Excessive Smartphone Use Makes You A Distant Parent
Any parent could tell you that toddlers are full of whiny demands like "I need food" or "I need love" or "I need you to rescue me from this rabid dog." Smartphones offer parents a reprieve from the stresses of child-rearing, but study after study suggests those reprieves need to be taken in moderation, unless you want to raise a child who's more attached to Fortnite than you.
For starters, infants and toddlers were found to be more emotionally distressed and less likely to explore their environments when their mothers were on their phones. In fact, excessive phone use was considered a form of "maternal withdrawal and unresponsiveness."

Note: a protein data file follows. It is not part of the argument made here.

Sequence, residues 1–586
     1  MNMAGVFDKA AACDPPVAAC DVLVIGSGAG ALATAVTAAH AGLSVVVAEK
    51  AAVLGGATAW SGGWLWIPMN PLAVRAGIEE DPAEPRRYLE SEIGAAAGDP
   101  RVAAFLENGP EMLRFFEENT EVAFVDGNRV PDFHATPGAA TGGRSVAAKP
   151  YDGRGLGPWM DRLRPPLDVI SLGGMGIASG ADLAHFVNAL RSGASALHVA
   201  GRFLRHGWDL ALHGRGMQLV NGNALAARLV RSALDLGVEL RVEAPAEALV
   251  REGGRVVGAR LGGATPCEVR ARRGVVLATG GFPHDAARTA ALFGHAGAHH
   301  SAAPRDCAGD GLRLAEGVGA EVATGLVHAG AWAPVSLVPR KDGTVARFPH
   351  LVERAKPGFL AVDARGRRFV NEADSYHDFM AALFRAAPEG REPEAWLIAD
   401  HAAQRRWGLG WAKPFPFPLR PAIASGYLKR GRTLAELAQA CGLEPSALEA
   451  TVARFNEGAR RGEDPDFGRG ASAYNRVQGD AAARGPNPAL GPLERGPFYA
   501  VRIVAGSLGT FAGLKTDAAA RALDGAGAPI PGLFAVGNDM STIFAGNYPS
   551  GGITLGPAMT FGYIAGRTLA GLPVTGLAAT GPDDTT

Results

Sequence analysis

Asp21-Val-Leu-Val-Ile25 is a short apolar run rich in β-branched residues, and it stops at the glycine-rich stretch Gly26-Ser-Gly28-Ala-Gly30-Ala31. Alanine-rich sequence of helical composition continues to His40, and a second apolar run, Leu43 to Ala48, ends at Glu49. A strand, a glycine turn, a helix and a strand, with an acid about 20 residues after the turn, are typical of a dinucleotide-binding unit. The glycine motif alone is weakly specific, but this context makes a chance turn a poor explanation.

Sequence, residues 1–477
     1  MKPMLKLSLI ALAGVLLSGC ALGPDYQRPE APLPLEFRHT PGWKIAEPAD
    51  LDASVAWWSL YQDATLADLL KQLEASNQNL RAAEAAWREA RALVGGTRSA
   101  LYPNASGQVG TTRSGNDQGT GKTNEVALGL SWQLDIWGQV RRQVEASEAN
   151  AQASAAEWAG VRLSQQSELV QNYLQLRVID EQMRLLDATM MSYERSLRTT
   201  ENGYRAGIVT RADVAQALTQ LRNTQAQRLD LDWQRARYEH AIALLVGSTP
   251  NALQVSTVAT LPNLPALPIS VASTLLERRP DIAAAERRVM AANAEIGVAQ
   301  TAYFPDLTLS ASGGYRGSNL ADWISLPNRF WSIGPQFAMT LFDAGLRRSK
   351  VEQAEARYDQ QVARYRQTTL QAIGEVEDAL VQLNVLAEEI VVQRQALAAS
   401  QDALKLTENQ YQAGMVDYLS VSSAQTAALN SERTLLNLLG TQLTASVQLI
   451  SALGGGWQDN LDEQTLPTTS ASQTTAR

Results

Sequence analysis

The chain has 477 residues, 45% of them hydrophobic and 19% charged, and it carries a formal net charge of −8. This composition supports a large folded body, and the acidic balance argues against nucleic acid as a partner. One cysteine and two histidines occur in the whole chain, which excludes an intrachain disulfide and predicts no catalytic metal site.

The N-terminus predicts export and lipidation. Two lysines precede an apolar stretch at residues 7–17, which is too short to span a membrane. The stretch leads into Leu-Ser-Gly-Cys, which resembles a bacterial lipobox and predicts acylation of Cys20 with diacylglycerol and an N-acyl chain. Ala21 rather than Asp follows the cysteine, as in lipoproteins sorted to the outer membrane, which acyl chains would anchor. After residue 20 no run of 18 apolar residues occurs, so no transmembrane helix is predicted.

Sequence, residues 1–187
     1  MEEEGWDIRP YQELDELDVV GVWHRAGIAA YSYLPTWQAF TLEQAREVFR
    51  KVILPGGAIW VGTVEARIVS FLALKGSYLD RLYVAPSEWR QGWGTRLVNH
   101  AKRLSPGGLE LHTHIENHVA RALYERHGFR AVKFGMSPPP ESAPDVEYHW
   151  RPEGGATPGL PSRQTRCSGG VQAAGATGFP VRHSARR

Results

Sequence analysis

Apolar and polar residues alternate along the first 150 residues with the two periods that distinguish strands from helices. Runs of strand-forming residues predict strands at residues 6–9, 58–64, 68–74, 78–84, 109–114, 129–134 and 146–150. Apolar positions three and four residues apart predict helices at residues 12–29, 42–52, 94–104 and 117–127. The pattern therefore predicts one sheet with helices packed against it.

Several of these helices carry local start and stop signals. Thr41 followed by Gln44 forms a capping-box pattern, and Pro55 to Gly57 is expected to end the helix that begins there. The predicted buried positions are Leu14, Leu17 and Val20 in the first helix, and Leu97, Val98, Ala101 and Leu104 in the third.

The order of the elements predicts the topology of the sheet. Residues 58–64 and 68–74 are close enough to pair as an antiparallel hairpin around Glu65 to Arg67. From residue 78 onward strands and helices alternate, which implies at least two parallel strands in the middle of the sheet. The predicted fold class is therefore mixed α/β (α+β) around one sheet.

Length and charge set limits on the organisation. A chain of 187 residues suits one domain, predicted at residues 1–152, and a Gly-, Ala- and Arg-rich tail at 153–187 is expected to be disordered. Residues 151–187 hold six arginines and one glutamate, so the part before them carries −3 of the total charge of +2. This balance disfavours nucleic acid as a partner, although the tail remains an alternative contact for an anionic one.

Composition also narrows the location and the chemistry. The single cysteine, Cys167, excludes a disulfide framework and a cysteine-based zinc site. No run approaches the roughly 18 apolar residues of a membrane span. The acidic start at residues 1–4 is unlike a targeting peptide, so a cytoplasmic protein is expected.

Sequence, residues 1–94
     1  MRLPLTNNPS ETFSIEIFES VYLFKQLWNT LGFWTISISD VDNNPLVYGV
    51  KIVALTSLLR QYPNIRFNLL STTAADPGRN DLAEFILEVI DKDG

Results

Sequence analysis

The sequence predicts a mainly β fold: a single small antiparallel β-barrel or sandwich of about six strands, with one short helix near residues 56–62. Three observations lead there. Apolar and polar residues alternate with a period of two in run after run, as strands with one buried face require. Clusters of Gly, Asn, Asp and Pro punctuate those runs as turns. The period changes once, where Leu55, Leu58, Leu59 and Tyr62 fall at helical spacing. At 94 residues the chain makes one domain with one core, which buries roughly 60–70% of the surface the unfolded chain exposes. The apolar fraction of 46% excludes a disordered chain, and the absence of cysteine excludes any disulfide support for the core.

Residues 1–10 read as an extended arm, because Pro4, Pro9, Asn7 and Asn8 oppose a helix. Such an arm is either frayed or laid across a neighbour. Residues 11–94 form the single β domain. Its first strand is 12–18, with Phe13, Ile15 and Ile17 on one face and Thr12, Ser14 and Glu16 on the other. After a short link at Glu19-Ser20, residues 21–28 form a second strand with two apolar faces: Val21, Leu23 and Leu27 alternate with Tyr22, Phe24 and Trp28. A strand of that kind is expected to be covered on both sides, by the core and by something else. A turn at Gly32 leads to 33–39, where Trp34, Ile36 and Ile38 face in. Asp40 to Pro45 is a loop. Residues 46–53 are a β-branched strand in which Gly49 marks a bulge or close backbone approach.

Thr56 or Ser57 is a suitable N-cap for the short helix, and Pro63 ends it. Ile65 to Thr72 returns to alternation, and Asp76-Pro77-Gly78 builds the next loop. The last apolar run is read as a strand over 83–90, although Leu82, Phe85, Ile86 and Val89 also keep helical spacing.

That problem continues into tweenhood, where 32 percent of children aged eight to 13 reported feeling unimportant when their parents used their phones during dinner, conversations, and other family occasions, and over half the children in the study felt that their parents used their phones too much in general. Another study suggested that kids were more likely to act out to get the attention of a phone-using parent, while the parents were more likely to be irritable in their responses, feeding a negative cycle.
Psychology TodayOne with a frankly unsurprising end.